An on-line linear X-ray apparatus has been used to examine deep bed filtration during water injection in Bentheimer sandstone core samples. The aim of this project was to investigate the effect of residual oil saturation on the deposition profile of suspended solids in the injected water, and to compare that with a previous study at fully brine saturated cores. Hematite particles were used as suspended solids in the brine. The X-ray apparatus was used to estimate the amount of deposited material at any time and distance along the core sample. Permeability decline as determined by the pressure change and chemical analysis of hematite concentration were used to confirm the X-ray analysis.
The effect of residual oil saturation was seen in most of the samples. The presence of oil caused greater apparent damage (reduction of permeability).It was also observed that there is rather deeper invasion at residual oil saturation than at fully brine saturation, and it was inferred from the X-ray measurements that the external filter cake is thicker.
Re-injection of produced water is of increasing importance as water cuts continue to increase worldwide. It provides an environmentally acceptable way of the disposing of water, and contributes to pressure maintenance if injection takes place into the reservoir itself.
When designing a water flooding project, it is very important that the injecting water is sufficiently clean. Solid particles and oily-water can block the reservoir pore throats and cause rapid and severe permeability decline depending on water quality and reservoir characteristics. Total removal of solids and oil may not be economically feasible and therefore a relationship must be found between the concentration of suspensions, particle size, oil concentration and other parameters that help to minimize or slow the rate of impairment (1–7).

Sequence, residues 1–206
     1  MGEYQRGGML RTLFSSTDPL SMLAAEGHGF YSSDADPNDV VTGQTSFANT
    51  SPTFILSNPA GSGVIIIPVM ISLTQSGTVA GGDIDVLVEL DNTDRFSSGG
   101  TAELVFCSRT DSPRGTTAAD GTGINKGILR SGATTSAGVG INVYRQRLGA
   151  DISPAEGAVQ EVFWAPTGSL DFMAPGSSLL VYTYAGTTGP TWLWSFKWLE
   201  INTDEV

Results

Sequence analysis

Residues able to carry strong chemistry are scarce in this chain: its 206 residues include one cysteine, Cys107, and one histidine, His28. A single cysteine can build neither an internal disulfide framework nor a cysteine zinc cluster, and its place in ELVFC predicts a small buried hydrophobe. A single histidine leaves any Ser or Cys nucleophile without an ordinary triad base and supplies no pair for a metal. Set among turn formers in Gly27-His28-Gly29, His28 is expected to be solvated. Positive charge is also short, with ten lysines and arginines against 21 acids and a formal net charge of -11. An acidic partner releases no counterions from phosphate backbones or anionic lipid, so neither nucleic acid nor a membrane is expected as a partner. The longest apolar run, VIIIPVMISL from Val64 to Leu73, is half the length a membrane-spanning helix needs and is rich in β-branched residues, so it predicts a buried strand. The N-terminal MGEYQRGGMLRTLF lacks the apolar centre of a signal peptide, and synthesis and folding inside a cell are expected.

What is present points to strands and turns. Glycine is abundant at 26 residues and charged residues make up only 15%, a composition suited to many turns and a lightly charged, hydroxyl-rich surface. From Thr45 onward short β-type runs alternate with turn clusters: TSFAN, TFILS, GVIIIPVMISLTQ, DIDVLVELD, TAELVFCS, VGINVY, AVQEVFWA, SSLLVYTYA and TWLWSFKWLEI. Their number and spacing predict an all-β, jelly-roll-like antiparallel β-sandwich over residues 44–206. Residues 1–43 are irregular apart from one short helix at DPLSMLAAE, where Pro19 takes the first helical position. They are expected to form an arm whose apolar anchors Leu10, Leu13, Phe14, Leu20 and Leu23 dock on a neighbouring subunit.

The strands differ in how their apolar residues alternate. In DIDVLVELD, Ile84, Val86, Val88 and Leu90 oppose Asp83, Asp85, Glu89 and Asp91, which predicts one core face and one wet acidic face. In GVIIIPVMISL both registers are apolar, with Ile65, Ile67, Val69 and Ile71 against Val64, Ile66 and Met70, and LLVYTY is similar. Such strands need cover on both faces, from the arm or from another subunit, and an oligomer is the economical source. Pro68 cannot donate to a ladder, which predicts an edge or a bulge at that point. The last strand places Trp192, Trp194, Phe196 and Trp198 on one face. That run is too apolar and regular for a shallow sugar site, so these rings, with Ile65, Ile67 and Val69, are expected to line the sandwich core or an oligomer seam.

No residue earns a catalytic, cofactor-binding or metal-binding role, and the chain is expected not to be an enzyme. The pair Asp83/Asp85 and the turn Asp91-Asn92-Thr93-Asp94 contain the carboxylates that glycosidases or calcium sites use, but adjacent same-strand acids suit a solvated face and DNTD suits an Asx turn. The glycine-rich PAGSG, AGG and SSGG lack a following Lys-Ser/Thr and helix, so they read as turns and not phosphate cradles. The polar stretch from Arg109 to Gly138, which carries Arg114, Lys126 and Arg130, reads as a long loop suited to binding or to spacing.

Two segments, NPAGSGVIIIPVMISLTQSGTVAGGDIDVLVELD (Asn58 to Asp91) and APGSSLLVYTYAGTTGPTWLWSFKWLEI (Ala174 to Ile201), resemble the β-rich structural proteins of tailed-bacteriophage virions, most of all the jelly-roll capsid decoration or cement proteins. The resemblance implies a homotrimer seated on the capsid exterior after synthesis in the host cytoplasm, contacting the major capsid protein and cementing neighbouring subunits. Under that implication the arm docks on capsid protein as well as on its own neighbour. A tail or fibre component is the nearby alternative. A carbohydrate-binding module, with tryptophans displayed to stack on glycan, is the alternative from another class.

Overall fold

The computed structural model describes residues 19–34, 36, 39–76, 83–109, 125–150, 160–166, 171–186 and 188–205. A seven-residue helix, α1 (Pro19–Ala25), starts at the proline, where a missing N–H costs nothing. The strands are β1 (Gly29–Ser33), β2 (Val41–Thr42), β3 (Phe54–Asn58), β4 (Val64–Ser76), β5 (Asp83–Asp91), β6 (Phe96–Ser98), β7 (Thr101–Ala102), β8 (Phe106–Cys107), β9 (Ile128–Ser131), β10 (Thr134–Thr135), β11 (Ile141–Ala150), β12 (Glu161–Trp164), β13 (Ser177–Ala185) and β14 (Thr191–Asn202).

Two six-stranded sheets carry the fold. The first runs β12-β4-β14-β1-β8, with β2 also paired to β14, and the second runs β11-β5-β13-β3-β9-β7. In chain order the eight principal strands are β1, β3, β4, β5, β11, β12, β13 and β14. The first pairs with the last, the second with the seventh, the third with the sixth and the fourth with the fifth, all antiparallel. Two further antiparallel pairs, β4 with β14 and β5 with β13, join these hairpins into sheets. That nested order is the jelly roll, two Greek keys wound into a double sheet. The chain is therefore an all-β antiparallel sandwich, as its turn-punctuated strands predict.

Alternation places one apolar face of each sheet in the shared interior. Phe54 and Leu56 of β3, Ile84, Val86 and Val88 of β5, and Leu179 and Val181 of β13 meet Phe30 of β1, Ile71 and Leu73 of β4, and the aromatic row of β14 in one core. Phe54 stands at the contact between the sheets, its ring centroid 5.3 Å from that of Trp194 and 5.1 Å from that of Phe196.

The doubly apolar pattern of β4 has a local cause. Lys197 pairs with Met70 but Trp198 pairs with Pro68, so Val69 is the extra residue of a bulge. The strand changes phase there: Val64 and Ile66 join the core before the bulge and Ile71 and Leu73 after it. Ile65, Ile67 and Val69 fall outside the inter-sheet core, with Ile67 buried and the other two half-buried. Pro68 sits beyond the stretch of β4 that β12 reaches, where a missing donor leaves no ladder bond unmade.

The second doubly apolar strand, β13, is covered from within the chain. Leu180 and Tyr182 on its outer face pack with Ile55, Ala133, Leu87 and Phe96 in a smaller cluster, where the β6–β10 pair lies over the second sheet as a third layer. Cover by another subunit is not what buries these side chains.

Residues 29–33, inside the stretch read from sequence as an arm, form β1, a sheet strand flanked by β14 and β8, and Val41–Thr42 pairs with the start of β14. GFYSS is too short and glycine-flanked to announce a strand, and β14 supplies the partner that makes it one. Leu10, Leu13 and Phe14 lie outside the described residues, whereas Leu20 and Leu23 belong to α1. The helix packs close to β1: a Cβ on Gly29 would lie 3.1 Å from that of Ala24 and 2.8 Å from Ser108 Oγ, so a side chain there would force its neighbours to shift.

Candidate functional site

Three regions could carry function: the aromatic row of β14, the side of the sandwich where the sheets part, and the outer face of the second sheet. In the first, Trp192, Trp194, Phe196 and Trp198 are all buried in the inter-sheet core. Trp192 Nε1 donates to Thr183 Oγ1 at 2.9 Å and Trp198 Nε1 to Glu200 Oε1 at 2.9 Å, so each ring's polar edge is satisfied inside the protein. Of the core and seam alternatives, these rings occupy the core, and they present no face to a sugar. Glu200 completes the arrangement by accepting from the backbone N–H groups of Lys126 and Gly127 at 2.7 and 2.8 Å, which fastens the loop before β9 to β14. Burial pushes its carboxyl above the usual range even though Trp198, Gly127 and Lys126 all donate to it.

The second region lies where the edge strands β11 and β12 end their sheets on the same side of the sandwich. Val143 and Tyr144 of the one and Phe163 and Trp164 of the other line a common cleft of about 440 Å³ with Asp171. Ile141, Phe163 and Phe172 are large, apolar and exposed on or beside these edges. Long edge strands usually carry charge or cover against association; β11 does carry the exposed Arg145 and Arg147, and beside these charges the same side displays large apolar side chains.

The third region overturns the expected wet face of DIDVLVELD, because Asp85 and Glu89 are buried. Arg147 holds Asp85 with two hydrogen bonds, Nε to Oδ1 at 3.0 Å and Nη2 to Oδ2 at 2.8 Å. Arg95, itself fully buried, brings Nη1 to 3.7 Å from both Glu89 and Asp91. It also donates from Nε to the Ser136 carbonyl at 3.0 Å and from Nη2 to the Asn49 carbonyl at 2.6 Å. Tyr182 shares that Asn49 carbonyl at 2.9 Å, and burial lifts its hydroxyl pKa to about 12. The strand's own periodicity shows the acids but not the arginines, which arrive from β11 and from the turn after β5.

The performance of the injection well and the distribution of the injected water is strongly influenced by the build up of formation impairment around the wellbore or the fracture face. Solid particles and small oil droplets in the injection water, which are deposited in the formation by a process of filtration, will cause this impairment.
As part of a study on filtration mechanisms, an online single detector x-ray system was used to examine deep-bed filtration during water injection in sandstone cores saturated with residual oil.Hematite particles were suspended in the brine at different concentrations. Several researchers tried to study deep-bed filtration on cores that are either 100% saturated with brine, oil, or residual oil while injecting suspended particles or oily-water, or a combination of both, but very few (8,9) have tried injecting suspended particles into cores at residual oil saturation. Such cores were used in the tests reported here to more closely approximate wettability effects.
In the previous analysis (7), the X-ray system provided a means of quantitatively measuring the deposition profile of hematite as a function of time during the test. The measurement offered a direct way of testing deep-bed filtration and filter-cake build-up theories.
Several models are available in the literature for deep bed filtration. Most of these models are based mainly on measurement of effluent concentration and only the final deposition profile in the core, so the tests reported here provide a more rigorous check of the models. The results of the tests will be discussed, and the implications for the models will be examined. Future work will be carried out to model the filtration phenomena.